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Tax Advice

Post Corona, are we going to see a major rework of self employment tax?

While announcing the self employment corona relief package yesterday, the Chancellor also added an observation that once “the ship had been righted” and the UK had come through the worst of the pandemic, the government would look to examine “the inconsistency in the tax treatment of those who are employed and self-employed”.

This has been something they have been looking at for a while now – including new IR35 rules (although delayed for a year now), and moving self employed NI contributions to the same as employed; their sole aim to ensure that you pay the same tax on the same £100 you earn, no matter your employment status.

Will affect your renters, which in turn may well affect your salon.

We wait to see…

Budget 2020 | how it affects salons and spas

The Budget was delivered today (11 March 2020) by the Chancellor Rishi Sunak (only a month into his new job) and the first Budget since Philip Hammond gave his fourth and last Budget in October 2018.

This 2020 one then, delivered at a time of much uncertainty and in the wake of a looming coronavirus threat, Sunak had a very positive tone, insisting that “any problems [it] creates would be short-term and would be dealt with”, while the “UK’s medium to longer term outlook is very positive”.

Here are the key points for salon and spa owners:

 

SSP and COVID-19 Corona Virus

The Budget announces measures surrounding COVID-19.

Employees will receive SSP from day 1 if they either have COVID-19 or have self-isolated because of it (rather than from day 4 with all other sicknesses).

Employers cannot currently reclaim SSP back from the Government, however they will now be able to do so if the SSP is paid to an employee who has COVID-19 or has self-isolated because of it.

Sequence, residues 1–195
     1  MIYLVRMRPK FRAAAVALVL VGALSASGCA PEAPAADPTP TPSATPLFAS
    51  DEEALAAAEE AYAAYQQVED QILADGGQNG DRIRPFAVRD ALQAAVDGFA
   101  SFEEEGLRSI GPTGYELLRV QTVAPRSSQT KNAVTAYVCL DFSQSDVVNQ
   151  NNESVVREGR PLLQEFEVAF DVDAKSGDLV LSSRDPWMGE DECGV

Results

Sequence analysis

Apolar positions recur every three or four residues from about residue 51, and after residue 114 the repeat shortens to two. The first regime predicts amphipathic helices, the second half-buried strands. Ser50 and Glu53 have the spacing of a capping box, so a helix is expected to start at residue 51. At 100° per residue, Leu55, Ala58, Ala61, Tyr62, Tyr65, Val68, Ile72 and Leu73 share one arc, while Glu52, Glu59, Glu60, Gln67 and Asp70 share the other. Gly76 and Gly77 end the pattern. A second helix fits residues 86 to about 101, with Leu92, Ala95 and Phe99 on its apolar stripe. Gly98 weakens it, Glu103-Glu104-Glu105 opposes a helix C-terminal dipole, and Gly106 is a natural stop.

Here are the rules:

  • employer must have fewer than 250 employees
  • employers will be able to reclaim expenditure for any employee who has claimed SSP (according to the new eligibility criteria) as a result of COVID-19
  • this refund will be limited to two weeks SSP per employee
  • employers should maintain records of staff absences, but should not require employees to provide a GP fit note (see below)
  • the eligible period for the scheme will commence from the day on which the regulations extending SSP to self-isolators come into force
  • while existing systems are not designed to facilitate such employer refunds for SSP, the government will work with employers over the coming months to set up a repayment mechanism for employers as soon as possible

The government has already issued guidance to employers, advising them to use their discretion not to require a GP fit note for COVID-19 related absences. This Budget announces that the government and the NHS will bring forward a temporary alternative to the fit note in the coming weeks which can be used for the duration of the COVID-19 outbreak. This system will enable people who are advised to self-isolate to obtain a notification via NHS111 which they can use as evidence for absence from work, where necessary.

National Insurance thresholds
Good news for salon owners, their staff and self employed chair/space renters

The budget confirmed the expected increase in the thresholds at which employees and the self-employed start paying National Insurance contributions (NICs) to £9,500 from April 2020.

Around 1.1 million people will be taken out of paying Class 1 (employed) and Class 4 (self employed) NICs entirely. This is the first step in meeting the government’s ambition to increase these thresholds to £12,500, which would save a typical employee over £450 per year.

Employer NICs
Good news for salon owners

Currently, the first £3,000 of Employers NIC is free each year. The budget has increased this to £4,000 from April.

This effectively reduces a salon owner’s staff cost by £1,000 per year.

Business rates